Hundreds of Nigerians who fled Boko Haram terrorism to Cameroon have voluntarily returned to the country this week after close to a decade of being displaced. Nigerian authorities say they have prepared to resettle 5,000 Nigerians who have agreed to return within the next two months.
Fifty-two-year-old Hassan Abakar and his wife Kumsu say they are happy to return to their home town of Banki, in Nigeria’s Borno state, after spending seven years at the Minawao refugee camp in northern Cameroon.
Speaking over each other, the Abakars tell officials their youngest daughter is four months old. They say they had all three of their children at the Minawao refugee camp, where they lived after being chased by Boko Haram terrorists from their home in Banki.
The Abakar family, like most of the 342 Nigerians who chose to return home this week, received gifts of mattresses, blankets and buckets from Cameroon’s government.
Cameroon territorial administration minister Paul Atanga Nji says all the homeward bound Nigerians have tested negative for COVID-19 and would be socially distanced when bused over the border.
"All those who are going home have willfully accepted to go back to Borno state because from every indication, things have come back to normalcy. The Cameroonian government did everything possible so that things should come back to normalcy. President Muhammadu Buhari has done everything also in Nigeria so that Boko Haram should be eradicated," Nji said.
Nonetheless, some of the displaced Nigerians are apparently still wary of insecurity back home. Five hundred Nigerians were originally scheduled to return home this week but only 342 followed through.
Officials say only 5,000 of the 103,000 Nigerians displaced into Cameroon in the past decade chose to return to their home country in the coming months – most of them women and children.
Fifty-seven thousand of the Nigerians have been living in the Minawao refugee camp while others are with host communities.
Nji said there will be weekly transports for those choosing to return and they will be protected by Cameroon’s military.
Lawan Abba Wakilbe, a special adviser to the governor of Nigeria’s Borno state, said the former epicenter of Boko Haram has been reconstructed and is ready to receive and integrate the returning Nigerians.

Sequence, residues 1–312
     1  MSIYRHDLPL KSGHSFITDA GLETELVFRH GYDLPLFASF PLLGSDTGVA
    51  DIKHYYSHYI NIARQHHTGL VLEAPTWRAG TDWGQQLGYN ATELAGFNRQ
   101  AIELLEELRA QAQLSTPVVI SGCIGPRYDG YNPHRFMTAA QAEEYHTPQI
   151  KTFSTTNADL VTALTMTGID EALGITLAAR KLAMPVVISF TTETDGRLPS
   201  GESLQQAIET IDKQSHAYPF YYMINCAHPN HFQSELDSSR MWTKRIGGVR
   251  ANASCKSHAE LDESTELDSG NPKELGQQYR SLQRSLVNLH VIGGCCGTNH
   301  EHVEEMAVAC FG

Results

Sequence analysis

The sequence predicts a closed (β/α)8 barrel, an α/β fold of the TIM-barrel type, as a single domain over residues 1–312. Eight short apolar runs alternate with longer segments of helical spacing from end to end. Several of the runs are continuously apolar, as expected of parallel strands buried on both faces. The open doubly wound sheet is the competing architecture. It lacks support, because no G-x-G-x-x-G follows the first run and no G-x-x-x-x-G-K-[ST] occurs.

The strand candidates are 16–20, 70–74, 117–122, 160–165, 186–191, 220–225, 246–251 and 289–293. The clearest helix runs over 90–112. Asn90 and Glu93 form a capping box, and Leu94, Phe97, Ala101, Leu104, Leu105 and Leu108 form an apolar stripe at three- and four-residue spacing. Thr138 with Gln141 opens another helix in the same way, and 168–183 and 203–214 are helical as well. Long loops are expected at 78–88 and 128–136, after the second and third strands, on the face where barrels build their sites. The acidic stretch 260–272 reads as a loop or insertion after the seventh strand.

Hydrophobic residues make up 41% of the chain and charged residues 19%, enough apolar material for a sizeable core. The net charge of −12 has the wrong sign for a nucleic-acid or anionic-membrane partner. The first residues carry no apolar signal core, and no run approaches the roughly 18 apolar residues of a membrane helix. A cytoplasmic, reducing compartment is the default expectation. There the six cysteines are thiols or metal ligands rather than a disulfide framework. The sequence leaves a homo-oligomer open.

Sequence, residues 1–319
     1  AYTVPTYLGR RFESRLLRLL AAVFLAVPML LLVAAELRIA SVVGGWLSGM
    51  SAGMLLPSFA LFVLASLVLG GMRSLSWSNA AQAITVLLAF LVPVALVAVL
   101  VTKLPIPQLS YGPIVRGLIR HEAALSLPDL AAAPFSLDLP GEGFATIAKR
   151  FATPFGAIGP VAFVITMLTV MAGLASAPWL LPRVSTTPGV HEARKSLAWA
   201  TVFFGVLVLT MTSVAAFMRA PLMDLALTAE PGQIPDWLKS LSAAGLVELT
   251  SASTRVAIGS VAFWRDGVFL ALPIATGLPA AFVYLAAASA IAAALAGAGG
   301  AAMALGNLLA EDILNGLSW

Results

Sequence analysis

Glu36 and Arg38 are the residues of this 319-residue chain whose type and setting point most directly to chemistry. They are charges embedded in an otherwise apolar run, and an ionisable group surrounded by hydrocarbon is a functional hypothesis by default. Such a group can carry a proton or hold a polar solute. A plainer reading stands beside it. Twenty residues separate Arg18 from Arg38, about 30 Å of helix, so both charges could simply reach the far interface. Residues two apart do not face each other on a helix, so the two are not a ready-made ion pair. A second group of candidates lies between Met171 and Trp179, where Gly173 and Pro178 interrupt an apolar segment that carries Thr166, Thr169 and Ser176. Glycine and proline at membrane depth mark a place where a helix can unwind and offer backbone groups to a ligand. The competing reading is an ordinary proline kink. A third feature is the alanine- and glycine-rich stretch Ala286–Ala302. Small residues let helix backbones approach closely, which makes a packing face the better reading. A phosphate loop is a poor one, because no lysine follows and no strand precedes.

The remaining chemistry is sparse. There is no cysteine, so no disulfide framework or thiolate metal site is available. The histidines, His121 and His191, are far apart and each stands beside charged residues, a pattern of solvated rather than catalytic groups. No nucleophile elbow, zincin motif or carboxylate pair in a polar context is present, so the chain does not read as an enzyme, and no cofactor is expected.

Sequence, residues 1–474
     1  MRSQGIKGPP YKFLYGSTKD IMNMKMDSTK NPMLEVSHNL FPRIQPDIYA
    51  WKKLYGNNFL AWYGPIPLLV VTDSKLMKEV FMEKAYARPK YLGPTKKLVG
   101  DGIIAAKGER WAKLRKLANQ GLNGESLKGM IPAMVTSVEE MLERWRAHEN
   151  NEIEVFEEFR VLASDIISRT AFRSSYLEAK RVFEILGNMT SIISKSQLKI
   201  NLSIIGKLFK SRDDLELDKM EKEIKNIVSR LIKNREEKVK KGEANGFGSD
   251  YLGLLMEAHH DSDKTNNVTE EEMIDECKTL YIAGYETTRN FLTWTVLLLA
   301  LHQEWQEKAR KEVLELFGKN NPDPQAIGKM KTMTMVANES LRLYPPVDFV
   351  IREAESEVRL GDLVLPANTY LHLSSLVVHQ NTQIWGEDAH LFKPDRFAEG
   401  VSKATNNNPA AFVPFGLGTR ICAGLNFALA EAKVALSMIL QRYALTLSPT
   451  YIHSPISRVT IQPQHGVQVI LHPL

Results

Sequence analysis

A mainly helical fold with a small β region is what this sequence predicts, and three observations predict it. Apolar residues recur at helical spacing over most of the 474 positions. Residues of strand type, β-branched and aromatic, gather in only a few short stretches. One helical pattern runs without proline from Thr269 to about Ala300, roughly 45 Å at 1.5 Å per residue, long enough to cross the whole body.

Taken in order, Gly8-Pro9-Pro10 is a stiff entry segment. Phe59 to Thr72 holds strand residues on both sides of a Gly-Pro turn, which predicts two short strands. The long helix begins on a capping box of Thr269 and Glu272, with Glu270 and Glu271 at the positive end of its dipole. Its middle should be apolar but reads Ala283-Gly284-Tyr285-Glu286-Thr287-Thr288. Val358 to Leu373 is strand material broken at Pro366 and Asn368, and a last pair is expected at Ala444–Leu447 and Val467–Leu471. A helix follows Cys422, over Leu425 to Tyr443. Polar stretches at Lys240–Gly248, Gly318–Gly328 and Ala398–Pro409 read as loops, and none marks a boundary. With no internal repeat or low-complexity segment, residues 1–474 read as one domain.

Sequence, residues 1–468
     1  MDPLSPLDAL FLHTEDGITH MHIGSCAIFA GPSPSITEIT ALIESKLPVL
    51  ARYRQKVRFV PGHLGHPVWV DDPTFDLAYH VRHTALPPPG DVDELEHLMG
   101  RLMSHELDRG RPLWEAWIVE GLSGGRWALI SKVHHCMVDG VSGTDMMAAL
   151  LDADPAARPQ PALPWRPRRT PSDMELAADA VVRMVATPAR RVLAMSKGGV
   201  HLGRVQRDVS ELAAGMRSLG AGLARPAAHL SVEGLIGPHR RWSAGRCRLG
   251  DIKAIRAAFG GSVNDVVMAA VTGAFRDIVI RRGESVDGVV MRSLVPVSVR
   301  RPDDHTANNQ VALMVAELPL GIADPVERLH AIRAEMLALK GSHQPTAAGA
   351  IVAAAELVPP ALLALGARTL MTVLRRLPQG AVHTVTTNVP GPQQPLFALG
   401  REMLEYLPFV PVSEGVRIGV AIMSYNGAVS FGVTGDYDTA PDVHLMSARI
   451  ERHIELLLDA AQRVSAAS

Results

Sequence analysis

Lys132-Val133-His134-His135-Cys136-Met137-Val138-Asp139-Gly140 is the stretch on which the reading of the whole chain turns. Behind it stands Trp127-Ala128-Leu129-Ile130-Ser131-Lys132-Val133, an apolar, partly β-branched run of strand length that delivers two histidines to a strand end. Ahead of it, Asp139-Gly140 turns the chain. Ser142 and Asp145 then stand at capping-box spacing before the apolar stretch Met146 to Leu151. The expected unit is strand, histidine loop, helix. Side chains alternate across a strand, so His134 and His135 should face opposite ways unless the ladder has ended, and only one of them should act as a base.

"As a result of the insurgency, a bulk of the town has been destroyed, but for the last one year, [a] serious rehabilitation effort has been ongoing by the Borno state government. So, we are now ready to receive the returnees. The houses are ready to accommodate these returnees because the government took special emphasis to rehabilitate the houses. They (the returnees) are going to live in new neighborhoods," he said.
Wakilbe added that authorities will assist the returning Nigerians with farming and to open shops so they can make a living.
Some of the returnees said they were going home with cattle, goats and sheep that they had been keeping in Cameroon.
The governor of Nigeria's Borno state, Babagan Umara Zulum, welcomed the returnees Monday as they arrived in the town of Banki. He said Nigeria is ready to receive all citizens who fled Boko Haram terrorism.
"We remain eternally grateful to the people of Cameroon for the kind of love extended to the people of Nigeria while they are staying in the Republic of Cameroon. We have started the repatriation process. So far so good. We have received the first batch [of returnees] thanks to the government of Cameroon, thanks to the security personnel of Cameroon for bringing them safely to Nigeria," Zulum said.
The United Nations reports that 11 years of Boko Haram violence has displaced more than 2.7 million people, including some 210,000 Nigerians, into neighboring countries.
And nearly 30,000 people have died in the ongoing conflict.